Nov 6, 2012
A world wine shortage has been predicted after forecasts that production would slump to its lowest level in at least 37 years following inclement weather that ruined grape harvests across the globe.
The fall is likely to push up prices, as demand exceeds supply, and see Italy overtake France – where the flow of wine is set to dry up by nearly a fifth - as the largest producing country.
Output is predicted to fall from 264.2 million hectolitres in 2011 to 248.2 million hectolitres this year, according to the International Organisation of Vine and Wine (OIV), the lowest level since it began recording world wine production in 1975.
France’s harvest was affected by winter drought, cold and wet weather, hailstorms, a heat wave, and an arid summer, leading to an expected fall in production of 19% to 40.5 million hectolitres.
Italy’s crop also suffered weather damage but its predicted drop in output of 3.4% is less severe, leaving a total of 40.8 million hectolitres.
Production is expected to fall by 24% in Argentina, with Spain, Hungary and New Zealand also suffering reductions, according to the figures, while the US is set to buck the trend with a 7.1% increase.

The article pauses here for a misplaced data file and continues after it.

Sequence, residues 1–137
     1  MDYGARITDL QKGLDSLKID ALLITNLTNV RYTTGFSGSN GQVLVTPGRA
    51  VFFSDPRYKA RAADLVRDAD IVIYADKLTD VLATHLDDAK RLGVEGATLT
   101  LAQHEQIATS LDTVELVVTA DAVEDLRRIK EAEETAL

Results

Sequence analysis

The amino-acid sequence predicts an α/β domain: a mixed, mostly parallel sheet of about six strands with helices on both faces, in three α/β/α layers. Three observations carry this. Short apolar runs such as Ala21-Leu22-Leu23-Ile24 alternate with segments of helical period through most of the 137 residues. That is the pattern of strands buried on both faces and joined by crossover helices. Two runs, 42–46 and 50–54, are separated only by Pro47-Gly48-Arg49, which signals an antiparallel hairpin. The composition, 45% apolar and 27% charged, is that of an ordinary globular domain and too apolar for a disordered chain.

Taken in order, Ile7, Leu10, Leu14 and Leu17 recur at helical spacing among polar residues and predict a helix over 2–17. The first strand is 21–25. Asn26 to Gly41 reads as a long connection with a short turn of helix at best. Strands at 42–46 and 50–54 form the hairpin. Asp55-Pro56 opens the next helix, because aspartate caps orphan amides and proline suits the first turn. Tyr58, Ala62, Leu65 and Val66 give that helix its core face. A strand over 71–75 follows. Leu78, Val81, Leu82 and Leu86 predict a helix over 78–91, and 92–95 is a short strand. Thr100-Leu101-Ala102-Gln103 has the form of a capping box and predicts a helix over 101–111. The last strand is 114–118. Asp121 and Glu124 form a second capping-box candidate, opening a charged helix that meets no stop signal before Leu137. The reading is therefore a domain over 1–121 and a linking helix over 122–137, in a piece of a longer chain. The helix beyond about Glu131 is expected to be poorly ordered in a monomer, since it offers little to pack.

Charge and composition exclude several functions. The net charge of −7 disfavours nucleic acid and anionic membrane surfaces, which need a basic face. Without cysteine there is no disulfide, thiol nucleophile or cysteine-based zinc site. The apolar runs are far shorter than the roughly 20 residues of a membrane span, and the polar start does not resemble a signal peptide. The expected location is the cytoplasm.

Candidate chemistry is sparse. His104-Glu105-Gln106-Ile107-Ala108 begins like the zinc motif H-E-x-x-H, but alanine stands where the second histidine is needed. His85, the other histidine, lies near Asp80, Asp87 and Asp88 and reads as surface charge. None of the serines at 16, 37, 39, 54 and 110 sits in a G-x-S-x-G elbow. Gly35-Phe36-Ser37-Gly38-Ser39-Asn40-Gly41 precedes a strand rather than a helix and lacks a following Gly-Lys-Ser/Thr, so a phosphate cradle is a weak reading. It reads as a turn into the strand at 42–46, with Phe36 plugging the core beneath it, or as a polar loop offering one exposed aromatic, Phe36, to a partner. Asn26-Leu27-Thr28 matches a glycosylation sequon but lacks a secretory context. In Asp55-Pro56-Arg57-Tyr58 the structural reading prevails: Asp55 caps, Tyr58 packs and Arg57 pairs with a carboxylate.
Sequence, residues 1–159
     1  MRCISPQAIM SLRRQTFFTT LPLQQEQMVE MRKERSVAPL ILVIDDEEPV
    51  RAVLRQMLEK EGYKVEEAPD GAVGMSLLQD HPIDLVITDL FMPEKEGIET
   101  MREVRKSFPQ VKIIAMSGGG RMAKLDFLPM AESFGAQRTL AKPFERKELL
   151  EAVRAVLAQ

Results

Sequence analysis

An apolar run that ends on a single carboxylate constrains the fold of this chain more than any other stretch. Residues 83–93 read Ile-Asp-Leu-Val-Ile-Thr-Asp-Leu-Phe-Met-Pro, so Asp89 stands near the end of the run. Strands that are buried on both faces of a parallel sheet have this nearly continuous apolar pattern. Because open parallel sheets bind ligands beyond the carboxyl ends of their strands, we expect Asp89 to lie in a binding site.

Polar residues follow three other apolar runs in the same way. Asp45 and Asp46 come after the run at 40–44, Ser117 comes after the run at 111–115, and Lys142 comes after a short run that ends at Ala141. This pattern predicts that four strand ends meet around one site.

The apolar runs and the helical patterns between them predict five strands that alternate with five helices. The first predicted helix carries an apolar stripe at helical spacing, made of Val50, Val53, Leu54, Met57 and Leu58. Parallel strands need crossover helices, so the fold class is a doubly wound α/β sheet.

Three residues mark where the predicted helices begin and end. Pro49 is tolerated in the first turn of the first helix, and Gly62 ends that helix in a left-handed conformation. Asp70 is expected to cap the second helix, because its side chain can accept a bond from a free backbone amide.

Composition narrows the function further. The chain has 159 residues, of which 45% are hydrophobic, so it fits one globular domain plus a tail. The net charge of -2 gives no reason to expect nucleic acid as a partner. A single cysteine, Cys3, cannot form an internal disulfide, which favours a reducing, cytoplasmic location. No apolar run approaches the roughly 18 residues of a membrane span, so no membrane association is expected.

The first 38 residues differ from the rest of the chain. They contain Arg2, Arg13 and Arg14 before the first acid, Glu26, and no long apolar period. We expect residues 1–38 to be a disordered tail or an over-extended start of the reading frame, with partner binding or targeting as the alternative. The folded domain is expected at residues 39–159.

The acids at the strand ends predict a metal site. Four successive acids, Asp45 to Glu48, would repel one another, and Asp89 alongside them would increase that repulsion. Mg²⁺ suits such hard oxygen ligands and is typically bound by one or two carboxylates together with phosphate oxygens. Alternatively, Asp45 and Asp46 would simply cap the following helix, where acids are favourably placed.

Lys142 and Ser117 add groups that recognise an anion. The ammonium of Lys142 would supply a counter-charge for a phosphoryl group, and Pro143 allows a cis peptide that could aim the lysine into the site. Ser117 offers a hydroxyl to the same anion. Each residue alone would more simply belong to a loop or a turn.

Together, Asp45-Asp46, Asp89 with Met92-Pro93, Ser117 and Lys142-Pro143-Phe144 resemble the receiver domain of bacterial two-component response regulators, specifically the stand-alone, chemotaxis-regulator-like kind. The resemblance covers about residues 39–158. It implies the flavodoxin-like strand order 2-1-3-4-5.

Federico Castellucci, the OIV’s director general, told a press conference in Paris: “We’re dipping into the reserves for supply.”
World wine consumption is estimated at between 235.7 million hectolitres and 249.4 million hectolitres, with an additional 30 million hectolitres used to make spirits, vermouth and vinegar.
Victor Magalhaes, an OIV statistician, said: “If we don’t have availability in the market, there’s a strong chance some products will increase in price.”
He said some of the French wines protected by the designation of origin label, or AOC, such as Burgundy, were already suffering a shortage.
Earlier this month Bertrand Girand, chief executive of Groupe Val d’Orbieu, France’s biggest wine cooperative, said the world faced a wine shortage of at least 10 million hectolitres, the equivalent of 1.3 billion bottles.
Source: The Telegraph
As well as providing all the necessary information regarding the product, the form is a virtual
guarantee to any prospective purchaser that the product that they are considering to purchase
complies with New Zealand’s Code of ‘Winery Record Keeping Practices’ as guide lined by New
Please complete all information